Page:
# Thread: Mean Value Theorem Revisited!

1. ## Mean Value Theorem Revisited!

Let $\displaystyle f(x)=\tan^{-1} x,$ and $\displaystyle 0 < a < b.$ By MVT there exists $\displaystyle a < c < b$ such that $\displaystyle f(b)-f(a)=(b-a)f'(c).$ Prove that $\displaystyle \sqrt{ab} < c < \sqrt{\frac{a^2 + b^2}{2}}.$ (obviously $\displaystyle c$ is unique.)

Source: Alex Lupas.

Note: This is just a simple example. The importance of the problem is that it looks at a less discussed side of mean value theorem, i.e. the location of $\displaystyle c.$

2. Well, simple f'=1/(1+x^2) so f'(c)=1/(1+c^2)=(arctg(b)-arctg(a))/(b-a)
c^2=(b-a)/(arctg(b)-arctg(a))-1
c=sqrt(((b-a)/(arctg(b)-arctg(a))-1)
I need to show that (b-a)/(arctg(b)-arctg(a))-1>ab, and I know that the maximum is attained when it equals pi/2, not sure how to continue from here, any hints?

3. Originally Posted by NonCommAlg
Let $\displaystyle f(x)=\tan^{-1} x,$ and $\displaystyle 0 < a < b.$ By MVT there exists $\displaystyle a < c < b$ such that $\displaystyle f(b)-f(a)=(b-a)f'(c).$ Prove that $\displaystyle \sqrt{ab} < c < \sqrt{\frac{a^2 + b^2}{2}}.$ (obviously $\displaystyle c$ is unique.)

Source: Alex Lupas.

Note: This is just a simple example. The importance of the problem is that it looks at a less discussed side of mean value theorem, i.e. the location of
$\displaystyle c.$
Claim: $\displaystyle c^2 > ab$

Clearly $\displaystyle \frac{b-a}{1+ab} = \tan\left(\frac{b-a}{1+c^2}\right)$

Since b > a > 0 and $\displaystyle \tan x > x, \forall x > 0$, we get $\displaystyle \frac{b-a}{1+ab} = \tan\left(\frac{b-a}{1+c^2}\right) > \frac{b-a}{1+c^2} \Rightarrow c^2 > ab$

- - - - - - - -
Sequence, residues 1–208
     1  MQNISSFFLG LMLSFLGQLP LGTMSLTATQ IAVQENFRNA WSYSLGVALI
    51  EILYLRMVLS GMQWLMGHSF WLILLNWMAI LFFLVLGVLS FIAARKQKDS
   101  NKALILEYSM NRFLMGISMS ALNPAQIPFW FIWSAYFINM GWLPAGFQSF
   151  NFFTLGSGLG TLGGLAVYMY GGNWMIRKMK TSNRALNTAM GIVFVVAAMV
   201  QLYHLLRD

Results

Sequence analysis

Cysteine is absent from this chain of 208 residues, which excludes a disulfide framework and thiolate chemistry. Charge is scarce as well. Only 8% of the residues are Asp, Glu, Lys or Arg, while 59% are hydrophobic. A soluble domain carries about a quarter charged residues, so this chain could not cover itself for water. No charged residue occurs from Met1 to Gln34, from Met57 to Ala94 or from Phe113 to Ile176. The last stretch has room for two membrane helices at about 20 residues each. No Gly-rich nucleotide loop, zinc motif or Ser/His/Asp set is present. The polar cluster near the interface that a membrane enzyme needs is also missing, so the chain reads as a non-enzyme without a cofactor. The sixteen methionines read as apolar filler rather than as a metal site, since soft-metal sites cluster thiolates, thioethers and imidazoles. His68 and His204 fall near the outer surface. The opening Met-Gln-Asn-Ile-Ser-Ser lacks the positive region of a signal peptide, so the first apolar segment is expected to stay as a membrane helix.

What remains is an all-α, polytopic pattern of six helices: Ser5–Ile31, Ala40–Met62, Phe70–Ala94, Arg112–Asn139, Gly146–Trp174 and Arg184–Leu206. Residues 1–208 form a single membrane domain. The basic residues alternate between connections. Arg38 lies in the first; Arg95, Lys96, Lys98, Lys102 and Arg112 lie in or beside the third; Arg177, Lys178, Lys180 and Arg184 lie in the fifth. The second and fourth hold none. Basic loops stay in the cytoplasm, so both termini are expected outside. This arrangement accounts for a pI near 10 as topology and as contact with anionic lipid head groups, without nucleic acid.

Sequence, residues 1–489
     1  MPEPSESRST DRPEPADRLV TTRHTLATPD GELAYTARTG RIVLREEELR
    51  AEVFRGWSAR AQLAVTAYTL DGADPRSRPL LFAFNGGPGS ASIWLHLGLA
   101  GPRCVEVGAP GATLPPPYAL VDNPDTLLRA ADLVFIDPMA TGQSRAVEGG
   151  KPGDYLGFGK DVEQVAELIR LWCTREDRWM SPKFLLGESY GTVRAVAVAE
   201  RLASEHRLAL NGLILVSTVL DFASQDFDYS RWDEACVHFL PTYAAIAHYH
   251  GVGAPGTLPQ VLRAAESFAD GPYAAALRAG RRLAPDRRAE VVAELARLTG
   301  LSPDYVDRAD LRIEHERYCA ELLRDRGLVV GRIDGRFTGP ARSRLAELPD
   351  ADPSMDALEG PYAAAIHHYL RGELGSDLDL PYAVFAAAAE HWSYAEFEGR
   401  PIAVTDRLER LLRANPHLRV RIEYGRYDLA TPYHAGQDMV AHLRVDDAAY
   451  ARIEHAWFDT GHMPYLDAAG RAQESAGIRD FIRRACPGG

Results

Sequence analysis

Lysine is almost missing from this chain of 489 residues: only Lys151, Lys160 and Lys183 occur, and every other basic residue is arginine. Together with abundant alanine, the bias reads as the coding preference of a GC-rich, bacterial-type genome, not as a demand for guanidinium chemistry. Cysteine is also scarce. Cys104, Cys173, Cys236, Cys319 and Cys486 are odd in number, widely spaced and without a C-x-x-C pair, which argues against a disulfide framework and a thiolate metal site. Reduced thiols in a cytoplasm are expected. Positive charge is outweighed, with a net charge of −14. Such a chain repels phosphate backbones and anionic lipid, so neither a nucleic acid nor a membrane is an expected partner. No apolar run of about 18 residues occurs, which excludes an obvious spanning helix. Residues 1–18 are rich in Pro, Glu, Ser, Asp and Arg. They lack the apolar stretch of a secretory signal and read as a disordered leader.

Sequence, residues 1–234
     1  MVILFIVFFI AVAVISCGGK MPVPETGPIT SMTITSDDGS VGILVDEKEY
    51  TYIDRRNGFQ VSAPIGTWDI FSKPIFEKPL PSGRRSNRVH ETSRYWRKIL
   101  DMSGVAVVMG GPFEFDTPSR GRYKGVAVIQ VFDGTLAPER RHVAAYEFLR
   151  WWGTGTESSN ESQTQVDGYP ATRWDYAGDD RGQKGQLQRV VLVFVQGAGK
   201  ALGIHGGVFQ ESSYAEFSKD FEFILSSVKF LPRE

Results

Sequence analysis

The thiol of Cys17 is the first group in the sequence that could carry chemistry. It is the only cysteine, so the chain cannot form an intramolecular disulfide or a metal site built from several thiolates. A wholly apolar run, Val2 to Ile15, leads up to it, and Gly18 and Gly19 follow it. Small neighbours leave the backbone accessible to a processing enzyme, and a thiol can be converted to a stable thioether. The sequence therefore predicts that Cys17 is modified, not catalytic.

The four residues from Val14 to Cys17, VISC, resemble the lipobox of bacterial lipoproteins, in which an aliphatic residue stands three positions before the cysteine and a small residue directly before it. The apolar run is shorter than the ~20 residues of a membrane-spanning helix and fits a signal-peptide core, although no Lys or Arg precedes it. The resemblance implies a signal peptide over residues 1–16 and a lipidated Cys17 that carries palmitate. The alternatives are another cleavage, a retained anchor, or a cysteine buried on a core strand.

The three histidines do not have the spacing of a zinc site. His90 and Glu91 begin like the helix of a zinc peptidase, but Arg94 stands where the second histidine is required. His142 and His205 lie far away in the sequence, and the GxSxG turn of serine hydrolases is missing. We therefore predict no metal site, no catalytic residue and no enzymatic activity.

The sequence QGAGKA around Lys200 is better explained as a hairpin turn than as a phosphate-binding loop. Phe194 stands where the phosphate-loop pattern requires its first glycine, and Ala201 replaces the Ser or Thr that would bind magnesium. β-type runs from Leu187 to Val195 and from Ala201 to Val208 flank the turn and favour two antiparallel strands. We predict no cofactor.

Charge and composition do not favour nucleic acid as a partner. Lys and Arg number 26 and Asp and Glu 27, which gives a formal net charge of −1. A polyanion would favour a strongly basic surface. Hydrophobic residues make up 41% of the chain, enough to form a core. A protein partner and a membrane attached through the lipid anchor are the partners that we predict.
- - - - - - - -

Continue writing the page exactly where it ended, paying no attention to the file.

Claim: $\displaystyle c^2 < \frac{a^2 + b^2}{2}$

This part of the proof is not so neat

By a straightforward manipulation, $\displaystyle c^2 = \frac{b - a}{\tan^{-1} b - \tan^{-1} a} - 1 = \frac{\tan x - \tan y}{x - y} - 1$, where $\displaystyle \tan x = b, \tan y = a$.

Hence we have to prove that $\displaystyle c^2 < \frac{\tan^2 x + \tan^2 y}{2}$

The $\displaystyle \tan^{-1}$ function has range from $\displaystyle -\frac{\pi}{2}$ to $\displaystyle \frac{\pi}{2}$, we will assume x and y to be in that range.

$\displaystyle b > a > 0 \Rightarrow x > y > 0$ which leads to:

$\displaystyle \frac{\tan x - \tan y}{x - y} = \frac1{\cos^2 x \cos^2 y} \left(\cos x \cos y\frac{\sin (x - y)}{(x - y)} \right) < $$\displaystyle \frac1{\cos^2 x \cos^2 y} \cos x \cos y < \frac1{\cos^2 x \cos^2 y}\frac{\cos^2 x + \cos^2 y}{2}$$\displaystyle = \frac{\sec^2 x + \sec^2 y}{2} = \frac{\tan^2 x + \tan^2 y}{2} + 1$

Thus $\displaystyle c^2 = \frac{\tan x - \tan y}{x - y} - 1 < \frac{\tan^2 x + \tan^2 y}{2}$